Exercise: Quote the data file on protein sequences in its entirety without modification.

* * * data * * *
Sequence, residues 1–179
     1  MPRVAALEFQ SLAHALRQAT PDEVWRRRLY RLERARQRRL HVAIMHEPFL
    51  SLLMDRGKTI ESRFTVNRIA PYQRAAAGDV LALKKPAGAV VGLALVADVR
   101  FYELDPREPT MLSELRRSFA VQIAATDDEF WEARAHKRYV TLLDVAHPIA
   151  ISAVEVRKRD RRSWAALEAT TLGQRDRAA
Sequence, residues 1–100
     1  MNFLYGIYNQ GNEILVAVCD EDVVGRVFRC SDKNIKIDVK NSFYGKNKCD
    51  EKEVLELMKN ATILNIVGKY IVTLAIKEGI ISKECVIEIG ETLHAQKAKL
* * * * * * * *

Sequence, residues 1–179
     1  MPRVAALEFQ SLAHALRQAT PDEVWRRRLY RLERARQRRL HVAIMHEPFL
    51  SLLMDRGKTI ESRFTVNRIA PYQRAAAGDV LALKKPAGAV VGLALVADVR
   101  FYELDPREPT MLSELRRSFA VQIAATDDEF WEARAHKRYV TLLDVAHPIA
   151  ISAVEVRKRD RRSWAALEAT TLGQRDRAA
Sequence, residues 1–100
     1  MNFLYGIYNQ GNEILVAVCD EDVVGRVFRC SDKNIKIDVK NSFYGKNKCD
    51  EKEVLELMKN ATILNIVGKY IVTLAIKEGI ISKECVIEIG ETLHAQKAKL